In the final step, Xcode asks you to specify a location for storing your new Xcode project. It doesn't really matter where you save the project as long as you can find it later. You'll also notice that Xcode offers the option to create a local git repository for your project. I highly recommend that you use source control for any type of development. Git is an excellent choice and it is the most popular Source Control Management (SCM) system among iOS and OS X developers.

iOS Development Environment - Save Your Xcode ProjectiOS Development Environment - Save Your Xcode ProjectiOS Development Environment - Save Your Xcode Project

It is important to get familiar with source control management if this is new to you. Source control is indispensable in software development for various reasons. To begin using Git, you can visit Git's website or read its Wikipedia article. There's also an excellent book by Scott Chacon that discusses Git in more detail.

In the rest of this series on iOS development, I won't bother you with source control management. Even though source control is important, I don't want to overcomplicate this series by adding an extra layer of complexity.

5. Build and Run

You have successfully set up your first Xcode project. Believe it or not, running your application in the iOS Simulator is only one click away. On the far left of the Xcode toolbar, you can see a large play button.

Before you run your application, make sure that the active scheme is set to iPhone Retina (3.5-inch). We will cover schemes in more detail later on in the series. Take a look at the next screenshot to make sure we're on the same page.

Are you ready to build and run your very first iOS application? Click the play button in the top right to build your project and run your application in the iOS Simulator. Alternatively, you can press Command + R or select Run from Xcode's Product menu. If all went well, you should see the iOS Simulator running your application. Of course, your application doesn't do anything useful yet. We'll fix that later in this session.

6. iOS Simulator

The iOS Simulator is a valuable tool in your arsenal. Building and running an iOS application in the simulator is faster than deploying an application on a physical device. There is one caveat, however. The iOS Simulator doesn't perfectly mimic an iOS device for various reasons. For example, the iOS Simulator doesn't have a camera or an accelerometer. Its GPS capabilities are limited to a list of predefined locations and routes, and user interaction is limited to gestures that require one or two fingers. Also keep in mind that the iOS Simulator draws power and resources from the Mac it runs on, which means that the simulator isn't ideal for testing application performance.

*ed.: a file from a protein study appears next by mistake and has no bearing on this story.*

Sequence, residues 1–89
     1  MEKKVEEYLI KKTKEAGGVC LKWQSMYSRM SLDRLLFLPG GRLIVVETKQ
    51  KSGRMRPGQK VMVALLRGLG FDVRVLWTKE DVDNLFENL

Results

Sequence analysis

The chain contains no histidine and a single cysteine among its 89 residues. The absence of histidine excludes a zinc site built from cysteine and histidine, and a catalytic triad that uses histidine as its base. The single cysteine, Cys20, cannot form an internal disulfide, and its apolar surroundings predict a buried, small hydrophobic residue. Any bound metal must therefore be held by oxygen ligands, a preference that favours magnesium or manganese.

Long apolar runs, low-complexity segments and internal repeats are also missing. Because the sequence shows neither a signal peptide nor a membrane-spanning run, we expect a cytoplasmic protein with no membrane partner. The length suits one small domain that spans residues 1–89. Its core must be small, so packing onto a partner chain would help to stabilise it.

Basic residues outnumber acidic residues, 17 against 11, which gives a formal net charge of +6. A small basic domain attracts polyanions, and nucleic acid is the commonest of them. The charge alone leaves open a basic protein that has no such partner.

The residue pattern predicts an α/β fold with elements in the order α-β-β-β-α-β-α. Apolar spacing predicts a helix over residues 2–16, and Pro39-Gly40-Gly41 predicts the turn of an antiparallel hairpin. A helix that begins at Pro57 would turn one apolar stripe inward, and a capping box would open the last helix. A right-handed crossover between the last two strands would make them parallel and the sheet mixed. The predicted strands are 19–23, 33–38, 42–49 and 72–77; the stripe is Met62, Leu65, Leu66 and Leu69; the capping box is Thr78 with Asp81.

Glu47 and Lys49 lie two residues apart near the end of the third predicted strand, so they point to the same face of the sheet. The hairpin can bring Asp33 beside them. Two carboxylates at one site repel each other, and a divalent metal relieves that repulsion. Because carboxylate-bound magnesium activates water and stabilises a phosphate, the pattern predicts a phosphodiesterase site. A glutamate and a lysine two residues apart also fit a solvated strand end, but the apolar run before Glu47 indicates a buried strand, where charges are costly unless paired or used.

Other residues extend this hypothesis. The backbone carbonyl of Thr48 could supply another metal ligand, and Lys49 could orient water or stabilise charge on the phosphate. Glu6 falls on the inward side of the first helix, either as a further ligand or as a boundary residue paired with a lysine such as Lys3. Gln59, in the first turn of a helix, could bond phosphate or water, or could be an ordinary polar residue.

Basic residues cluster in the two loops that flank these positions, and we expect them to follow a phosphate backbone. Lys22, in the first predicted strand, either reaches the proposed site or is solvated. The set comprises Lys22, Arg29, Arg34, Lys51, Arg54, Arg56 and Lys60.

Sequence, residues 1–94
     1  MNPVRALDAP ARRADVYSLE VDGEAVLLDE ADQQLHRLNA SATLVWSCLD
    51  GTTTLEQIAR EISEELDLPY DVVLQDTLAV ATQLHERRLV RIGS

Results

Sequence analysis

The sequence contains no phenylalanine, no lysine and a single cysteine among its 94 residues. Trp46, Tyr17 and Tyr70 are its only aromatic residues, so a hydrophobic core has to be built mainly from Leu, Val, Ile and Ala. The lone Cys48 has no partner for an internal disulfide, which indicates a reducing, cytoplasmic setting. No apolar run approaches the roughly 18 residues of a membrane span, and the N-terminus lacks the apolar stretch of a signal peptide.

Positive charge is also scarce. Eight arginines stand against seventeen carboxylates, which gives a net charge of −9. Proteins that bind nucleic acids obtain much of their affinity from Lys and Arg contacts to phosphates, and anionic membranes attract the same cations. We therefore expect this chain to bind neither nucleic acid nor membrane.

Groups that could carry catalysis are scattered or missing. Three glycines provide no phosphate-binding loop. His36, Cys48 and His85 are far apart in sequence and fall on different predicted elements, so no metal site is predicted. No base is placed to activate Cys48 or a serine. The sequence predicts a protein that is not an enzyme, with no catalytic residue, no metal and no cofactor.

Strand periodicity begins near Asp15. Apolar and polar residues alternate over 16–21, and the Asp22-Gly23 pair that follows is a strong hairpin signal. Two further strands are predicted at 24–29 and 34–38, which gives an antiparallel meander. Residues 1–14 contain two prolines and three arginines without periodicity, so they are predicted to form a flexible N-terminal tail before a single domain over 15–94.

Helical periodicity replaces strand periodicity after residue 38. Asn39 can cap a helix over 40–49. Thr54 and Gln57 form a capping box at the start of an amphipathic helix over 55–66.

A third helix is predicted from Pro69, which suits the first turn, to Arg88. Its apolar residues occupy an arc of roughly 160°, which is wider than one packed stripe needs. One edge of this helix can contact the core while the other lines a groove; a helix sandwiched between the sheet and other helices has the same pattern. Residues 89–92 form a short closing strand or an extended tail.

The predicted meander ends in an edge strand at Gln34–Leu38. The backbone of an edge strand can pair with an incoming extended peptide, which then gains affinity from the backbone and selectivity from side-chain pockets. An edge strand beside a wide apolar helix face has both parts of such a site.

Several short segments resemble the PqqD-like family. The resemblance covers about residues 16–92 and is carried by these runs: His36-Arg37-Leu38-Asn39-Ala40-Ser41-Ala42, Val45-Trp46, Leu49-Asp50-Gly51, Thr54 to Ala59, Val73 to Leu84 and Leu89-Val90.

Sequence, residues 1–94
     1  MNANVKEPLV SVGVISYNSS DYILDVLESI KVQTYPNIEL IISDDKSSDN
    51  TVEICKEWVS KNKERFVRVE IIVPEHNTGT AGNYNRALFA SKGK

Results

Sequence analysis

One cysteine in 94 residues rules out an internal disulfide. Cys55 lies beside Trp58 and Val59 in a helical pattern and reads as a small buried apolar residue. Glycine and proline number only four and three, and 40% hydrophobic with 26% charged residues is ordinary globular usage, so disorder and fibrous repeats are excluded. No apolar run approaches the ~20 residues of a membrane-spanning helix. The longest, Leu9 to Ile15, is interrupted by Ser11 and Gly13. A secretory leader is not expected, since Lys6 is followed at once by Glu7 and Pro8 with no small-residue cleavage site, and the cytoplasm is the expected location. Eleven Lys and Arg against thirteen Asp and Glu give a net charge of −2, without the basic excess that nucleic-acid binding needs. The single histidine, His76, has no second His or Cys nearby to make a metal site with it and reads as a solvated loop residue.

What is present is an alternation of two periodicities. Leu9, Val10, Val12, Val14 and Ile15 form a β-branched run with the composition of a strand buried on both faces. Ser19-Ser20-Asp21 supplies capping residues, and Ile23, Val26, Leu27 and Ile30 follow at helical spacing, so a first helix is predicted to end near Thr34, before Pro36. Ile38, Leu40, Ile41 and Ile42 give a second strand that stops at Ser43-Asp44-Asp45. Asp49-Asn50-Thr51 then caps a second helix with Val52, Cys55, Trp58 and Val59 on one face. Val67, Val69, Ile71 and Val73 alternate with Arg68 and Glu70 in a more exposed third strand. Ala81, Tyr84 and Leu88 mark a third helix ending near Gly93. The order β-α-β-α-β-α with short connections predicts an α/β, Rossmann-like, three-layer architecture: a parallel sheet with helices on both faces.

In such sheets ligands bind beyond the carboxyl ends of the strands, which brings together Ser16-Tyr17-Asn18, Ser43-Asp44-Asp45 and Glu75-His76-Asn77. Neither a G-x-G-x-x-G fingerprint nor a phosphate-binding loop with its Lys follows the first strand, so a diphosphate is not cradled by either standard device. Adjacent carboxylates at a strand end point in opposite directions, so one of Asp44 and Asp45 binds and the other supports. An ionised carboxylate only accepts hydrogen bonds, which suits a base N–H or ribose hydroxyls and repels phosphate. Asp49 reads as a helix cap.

The bottom line is that you should always test an applications on a physical device before submitting it to the App Store or distributing it to testers. Even if you only have one device to test with, it is critical to test your applications on a physical device instead of relying solely on the iOS Simulator.

In spite of its shortcomings, the iOS Simulator is a very capable tool. Select the iOS Simulator and take a look at its menu and the various options it provides. The simulator is perfectly suited for testing user interfaces on different form factors, mimicking simple gestures, simulating memory warnings, or taking screenshots for the App Store. You'll find it a very useful tool for iOS development.

7. Physical Devices

As I mentioned earlier, running an application on a physical device is only possible if enroll in the paid iOS Developer Program. In addition, running an application on a physical device involves a few extra steps. These steps include configuring your project and setting up the device you plan to test with. Because this is a fairly complex topic, especially if you are new to iOS development, I will thoroughly explain how to do this in a separate article in this session.

8. Third Party Development Tools

I would like to end this article by listing a handful of third party tools that make iOS development easier and more enjoyable. Note that these applications are by no means required for iOS development. However, knowing that they exist may save you a lot of frustration in the future.

  • Tower: Tower is one of the best Mac applications for working with Git. Git is a command line tool and some people prefer to use a graphical user interface over the command line. If you are not a command line superhero, then you'll definitely appreciate what Tower has to offer.
  • Dash: Dash is a superb documentation browser and code snippet manager. Dash is a great alternative for Xcode's built-in documentation browser. It supports dozens of languages and frameworks, which means that you can use it for almost any type of development.
  • TextExpander: TextExpander is a popular utility for managing text snippets linked to custom keyboard shortcuts. Many developers use it for development, but you can use it wherever you like. It also supports placeholders for even more customizability.
  • TestFlight: TestFlight is a great service for distributing test builds to a team of beta testers. It does a lot more than that, though. It collects crash reports, user feedback, and keeps track of user sessions. For more information about TestFlight, check out this tutorial. There are a number of alternatives, such as HockeyApp that you may want to look into as well.


I hope you agree that setting up the development environment for iOS development is easy. With Xcode installed, we can start exploring the iOS SDK. That will be the focus of the rest of this session.